A report, prepared by the New Policy Institute of the Joseph Rowntree Foundation, says Northern Ireland families have suffered a dramatic fall in income leaving them, on average, £39 a week less well off.
That represents a 16% drop in incomes between 2006 and 2012, compared to a UK average of 5%.
Rising unemployment and more people working part time are among the key factors blamed for declining incomes for those families who are desperately struggling to cope and the report estimates that around 400,000 people are living in poverty.
The report found that over the last five years poverty among adults under the age of 30 rose by 50% and the proportion of those unemployed almost doubled.
Welfare reforms, especially the so-called bedroom tax, could also hit Northern Ireland households harder with over 53% of claimants affected compared to 23% in Britain.
Also, the move from disability living allowance to personal independence payment (PIP) will be twice the proportion claiming.
Around a quarter of those reassessed for PIP are expected to lose their entitlement altogether with a further third receiving lower entitlement, according to the report.
Julia Unwin, chief executive of the social policy research and development charity, said the findings revealed a series of worrying trends.
She said: "They are a wake-up call for governments in Stormont and Westminster.
"We have to tackle the underlying causes of poverty, such as the number and quality of jobs on offer."
Report co-author Tom MacInnes added: "The recession and its aftermath hit Northern Ireland harder than the rest of the UK.
"In particular, the rise in unemployment and part time work has hurt family incomes across the board, but the poorest have fared worst.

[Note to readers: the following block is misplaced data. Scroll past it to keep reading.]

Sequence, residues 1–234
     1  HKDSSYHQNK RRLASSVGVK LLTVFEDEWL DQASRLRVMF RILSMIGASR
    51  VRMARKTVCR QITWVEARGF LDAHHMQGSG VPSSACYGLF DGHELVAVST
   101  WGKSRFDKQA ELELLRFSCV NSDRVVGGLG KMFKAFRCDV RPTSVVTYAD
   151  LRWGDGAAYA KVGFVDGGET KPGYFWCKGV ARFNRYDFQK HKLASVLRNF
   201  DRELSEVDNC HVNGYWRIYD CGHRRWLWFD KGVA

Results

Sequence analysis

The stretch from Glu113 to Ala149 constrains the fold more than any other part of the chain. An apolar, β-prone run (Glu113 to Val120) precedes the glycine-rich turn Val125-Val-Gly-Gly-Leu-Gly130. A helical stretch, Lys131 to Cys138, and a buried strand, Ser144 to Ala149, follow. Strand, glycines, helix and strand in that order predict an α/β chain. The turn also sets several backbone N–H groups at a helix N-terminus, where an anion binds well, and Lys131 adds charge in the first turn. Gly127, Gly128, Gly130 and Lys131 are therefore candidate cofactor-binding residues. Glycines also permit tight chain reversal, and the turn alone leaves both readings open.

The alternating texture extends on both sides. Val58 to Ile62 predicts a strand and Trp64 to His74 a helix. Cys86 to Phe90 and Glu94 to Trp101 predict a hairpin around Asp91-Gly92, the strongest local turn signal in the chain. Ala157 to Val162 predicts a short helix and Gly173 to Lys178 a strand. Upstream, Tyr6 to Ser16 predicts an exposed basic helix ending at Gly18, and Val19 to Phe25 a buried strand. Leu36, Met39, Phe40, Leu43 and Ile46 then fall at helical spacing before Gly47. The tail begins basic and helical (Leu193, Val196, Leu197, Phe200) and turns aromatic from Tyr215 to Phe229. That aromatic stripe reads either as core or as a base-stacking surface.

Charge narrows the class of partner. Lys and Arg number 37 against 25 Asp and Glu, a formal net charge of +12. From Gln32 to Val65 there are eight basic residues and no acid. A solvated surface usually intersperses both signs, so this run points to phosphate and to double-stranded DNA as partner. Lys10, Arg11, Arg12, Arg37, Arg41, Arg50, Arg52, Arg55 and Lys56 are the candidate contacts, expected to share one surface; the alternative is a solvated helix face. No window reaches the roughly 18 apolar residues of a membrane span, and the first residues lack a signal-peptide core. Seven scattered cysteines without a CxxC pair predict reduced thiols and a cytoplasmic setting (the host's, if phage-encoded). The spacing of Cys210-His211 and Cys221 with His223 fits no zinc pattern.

"Possibly most worrying is the big rise in poverty among the under 30s.
"With welfare reform on the horizon, already diminished incomes may decline even further.
"Reforms that cut the incomes of those supported by benefits or that require more people to actively seek work - without improvements in the quality of jobs on offer - are likely to exacerbate problems further."
We need a comprehensive strategy to reduce poverty for people in Northern Ireland.
Julie Unwin, JRF
Meanwhile, a second report, also published on Tuesday, has said that Northern Ireland has a "significantly higher" number of people on low pay than those in the rest of the UK.
The Nevin Economic Research Institute (NERI) has said those 169,000 people are earning less than the £7.45 current estimated living wage.
The living wage is a relatively new concept and is calculated as the amount of money needed to cope with the demands of modern living.
The National Minimum Wage is set by the government at £6.31 for workers over 21.
NERI says there are 9%, or 61,000 people earning only the National Minimum Wage or less.
People in Upper Bann, north Antrim, east Londonderry, Newry and Armagh are most likely to work for less and women and young people are those most likely to be in a low pay bracket.
The report, funded by the unions affiliated with the Irish Congress of Trade Unions, says low pay is most evident in the accommodation, food, retail, residential and social care sectors.
NERI economist Paul Mac Flynn said: "Northern Ireland has significantly higher levels of low pay than any other UK region and low pay is of most concern in sectors of the economy that are growing.
"This level of low pay is a serious threat to the domestic economy and any chance of recovery."
Mr Mac Flynn called for tougher enforcement of the National Minimum Wage, more promotion of the living wage and for consideration of sector wage agreements.